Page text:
Putin pledges to 'do everything to protect Christians in the Middle East' | WHAT REALLY HAPPENED

Putin pledges to 'do everything to protect Christians in the Middle East'

Russian President Vladimir Putin pledged to protect Christians threatened by the conflict in Syria, appealing to the plight of religious minorities as justification for Russia's involvement.

After a meeting with Hungarian Prime Minister Viktor Orban on Wednesday, Putin expressed sorrow over the persecution experienced by Christians in the Middle East, according to the Associated Press. Russian leaders have worked to develop close ties with Syria's Christian communities. Melkite Catholic Archbishop Jean-Clement Jeanbart has called Russia's intervention in the country a source of "hope for the country's Christians.

"The Middle East is the cradle of Christianity, and Christians are in peril there, facing persecution, being killed, raped, and robbed," said Putin. "Russia will do everything to protect Christians in the Middle East. We must help them restore and preserve their holy sites, preserve their congregations."

Webmaster's Commentary: 

I felt obligated to present the following, upon having read the above:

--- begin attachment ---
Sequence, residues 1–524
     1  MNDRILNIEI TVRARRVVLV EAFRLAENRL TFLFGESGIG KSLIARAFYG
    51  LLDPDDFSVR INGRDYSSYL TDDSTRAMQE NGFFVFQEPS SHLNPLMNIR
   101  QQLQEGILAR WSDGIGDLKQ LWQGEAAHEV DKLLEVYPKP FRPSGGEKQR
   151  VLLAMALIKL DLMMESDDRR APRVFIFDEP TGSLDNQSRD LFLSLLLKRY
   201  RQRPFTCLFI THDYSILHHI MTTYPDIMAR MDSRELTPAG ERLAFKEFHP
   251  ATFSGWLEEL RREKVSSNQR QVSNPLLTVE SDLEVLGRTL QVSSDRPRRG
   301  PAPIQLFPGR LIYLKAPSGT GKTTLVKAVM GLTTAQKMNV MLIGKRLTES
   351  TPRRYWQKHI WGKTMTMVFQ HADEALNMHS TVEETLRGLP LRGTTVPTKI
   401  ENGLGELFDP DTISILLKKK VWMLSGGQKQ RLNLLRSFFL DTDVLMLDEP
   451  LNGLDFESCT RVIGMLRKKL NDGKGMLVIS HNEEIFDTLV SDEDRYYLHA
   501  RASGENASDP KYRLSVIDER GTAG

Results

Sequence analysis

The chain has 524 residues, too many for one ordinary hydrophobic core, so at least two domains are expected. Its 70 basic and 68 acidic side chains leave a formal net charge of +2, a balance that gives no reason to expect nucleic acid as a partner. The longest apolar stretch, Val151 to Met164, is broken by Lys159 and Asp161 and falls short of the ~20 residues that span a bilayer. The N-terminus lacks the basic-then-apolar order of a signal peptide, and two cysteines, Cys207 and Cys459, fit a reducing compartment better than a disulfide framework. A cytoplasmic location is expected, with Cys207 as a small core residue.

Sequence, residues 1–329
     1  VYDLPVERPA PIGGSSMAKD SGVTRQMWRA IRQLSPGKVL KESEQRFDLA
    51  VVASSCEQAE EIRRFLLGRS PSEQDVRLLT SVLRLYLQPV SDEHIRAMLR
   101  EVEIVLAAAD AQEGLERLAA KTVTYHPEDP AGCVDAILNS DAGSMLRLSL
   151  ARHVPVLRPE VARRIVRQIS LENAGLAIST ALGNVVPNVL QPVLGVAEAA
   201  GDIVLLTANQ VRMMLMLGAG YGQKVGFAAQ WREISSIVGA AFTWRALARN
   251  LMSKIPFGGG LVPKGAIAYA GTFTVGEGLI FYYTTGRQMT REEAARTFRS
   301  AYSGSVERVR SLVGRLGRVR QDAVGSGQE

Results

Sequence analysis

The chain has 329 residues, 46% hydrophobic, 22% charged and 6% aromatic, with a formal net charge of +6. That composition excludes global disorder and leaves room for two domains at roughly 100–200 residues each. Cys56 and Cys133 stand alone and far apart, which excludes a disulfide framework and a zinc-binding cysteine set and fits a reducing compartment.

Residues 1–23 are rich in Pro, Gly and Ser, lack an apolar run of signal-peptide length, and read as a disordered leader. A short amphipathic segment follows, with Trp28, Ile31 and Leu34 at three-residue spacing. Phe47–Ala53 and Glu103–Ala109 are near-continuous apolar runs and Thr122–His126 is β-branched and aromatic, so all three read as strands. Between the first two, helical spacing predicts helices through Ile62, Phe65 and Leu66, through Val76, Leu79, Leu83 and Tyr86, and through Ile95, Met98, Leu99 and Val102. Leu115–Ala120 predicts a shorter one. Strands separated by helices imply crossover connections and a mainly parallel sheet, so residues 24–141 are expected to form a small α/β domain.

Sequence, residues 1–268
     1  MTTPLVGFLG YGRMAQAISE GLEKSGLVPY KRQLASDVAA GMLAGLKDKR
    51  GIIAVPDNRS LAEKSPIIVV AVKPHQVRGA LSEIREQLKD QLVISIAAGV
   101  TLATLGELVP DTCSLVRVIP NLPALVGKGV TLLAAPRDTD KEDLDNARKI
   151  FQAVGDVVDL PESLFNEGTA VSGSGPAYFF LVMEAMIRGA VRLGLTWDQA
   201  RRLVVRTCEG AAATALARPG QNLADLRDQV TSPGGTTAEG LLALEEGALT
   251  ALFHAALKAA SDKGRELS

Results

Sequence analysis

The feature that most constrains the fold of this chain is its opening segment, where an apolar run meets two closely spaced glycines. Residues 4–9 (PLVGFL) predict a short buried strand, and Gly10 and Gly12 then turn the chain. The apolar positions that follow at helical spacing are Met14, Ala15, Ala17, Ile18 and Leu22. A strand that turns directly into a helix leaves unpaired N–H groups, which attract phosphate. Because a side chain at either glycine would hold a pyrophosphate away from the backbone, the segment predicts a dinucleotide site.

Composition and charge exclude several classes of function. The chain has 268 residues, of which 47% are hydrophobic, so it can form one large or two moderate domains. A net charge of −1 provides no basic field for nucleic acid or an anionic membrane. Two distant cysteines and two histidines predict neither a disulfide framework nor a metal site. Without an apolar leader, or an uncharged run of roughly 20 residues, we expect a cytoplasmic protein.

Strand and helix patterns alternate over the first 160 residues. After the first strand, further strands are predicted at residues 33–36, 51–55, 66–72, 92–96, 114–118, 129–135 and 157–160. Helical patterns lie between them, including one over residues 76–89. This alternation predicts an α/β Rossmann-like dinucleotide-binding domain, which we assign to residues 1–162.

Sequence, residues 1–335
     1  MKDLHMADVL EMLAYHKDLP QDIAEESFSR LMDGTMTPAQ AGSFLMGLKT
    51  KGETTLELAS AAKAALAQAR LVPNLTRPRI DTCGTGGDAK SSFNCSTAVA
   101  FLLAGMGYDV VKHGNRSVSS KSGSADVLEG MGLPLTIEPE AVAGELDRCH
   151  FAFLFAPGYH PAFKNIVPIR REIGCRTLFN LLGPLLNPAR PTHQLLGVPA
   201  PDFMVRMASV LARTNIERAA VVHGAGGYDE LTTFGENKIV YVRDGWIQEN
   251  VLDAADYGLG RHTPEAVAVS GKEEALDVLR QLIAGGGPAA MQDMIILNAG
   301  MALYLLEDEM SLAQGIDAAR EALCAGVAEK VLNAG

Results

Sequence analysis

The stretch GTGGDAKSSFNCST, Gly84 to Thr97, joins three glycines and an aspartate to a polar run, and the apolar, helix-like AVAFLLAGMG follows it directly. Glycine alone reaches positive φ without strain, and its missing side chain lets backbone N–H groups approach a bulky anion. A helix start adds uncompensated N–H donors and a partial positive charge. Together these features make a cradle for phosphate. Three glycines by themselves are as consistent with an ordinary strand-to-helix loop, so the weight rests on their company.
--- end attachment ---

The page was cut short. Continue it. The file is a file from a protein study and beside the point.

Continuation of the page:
Trump aims to protect persecuted Christians, but some aren't sure he's helping The article goes on to state:

' an increasingly vocal band of advocates and experts says the Trump administration’s policies have failed to address many of the challenges faced by Christians, Yazidis and other religious minorities abroad — especially those in the Middle East. Some argue the administration’s efforts to scale back refugee resettlement, deport Chaldean Christians living in the United States and potentially end temporary protected status for Syrians have only made their situation worse.

“I can tell you they feel completely abandoned,” Philippe Nassif, Amnesty International’s advocacy director for the Middle East and North Africa and former executive director of the advocacy group In Defense of Christians, told Religion News Service. “They feel ignored, and in some cases, they feel used.”

Many critics point to the administration’s decision to reduce the number of refugees allowed into the United States from 110,000 under President Obama to 45,000 shortly after Trump took office. Trump later reduced the cap to 30,000 people — the lowest since the refugee resettlement program started in the 1980s — and White House officials are now reportedly mulling eliminating refugee resettlement altogether.

The reductions have sparked outrage among the nine nonprofit groups that help the government resettle refugees, six of which are faith-based."

I would have hoped, than when President Trump made those statements about protecting persecuted religious minorities in the the Middle East, that he was at least half-way serious about doing so; unfortunately, current events with these issues, do not augur well for these promises to be kept.

Right now, I would characterize his statements as coming from a "language of convenience", to get out the way of any criticisms he may be facing, both by his boosters, and his detractors.

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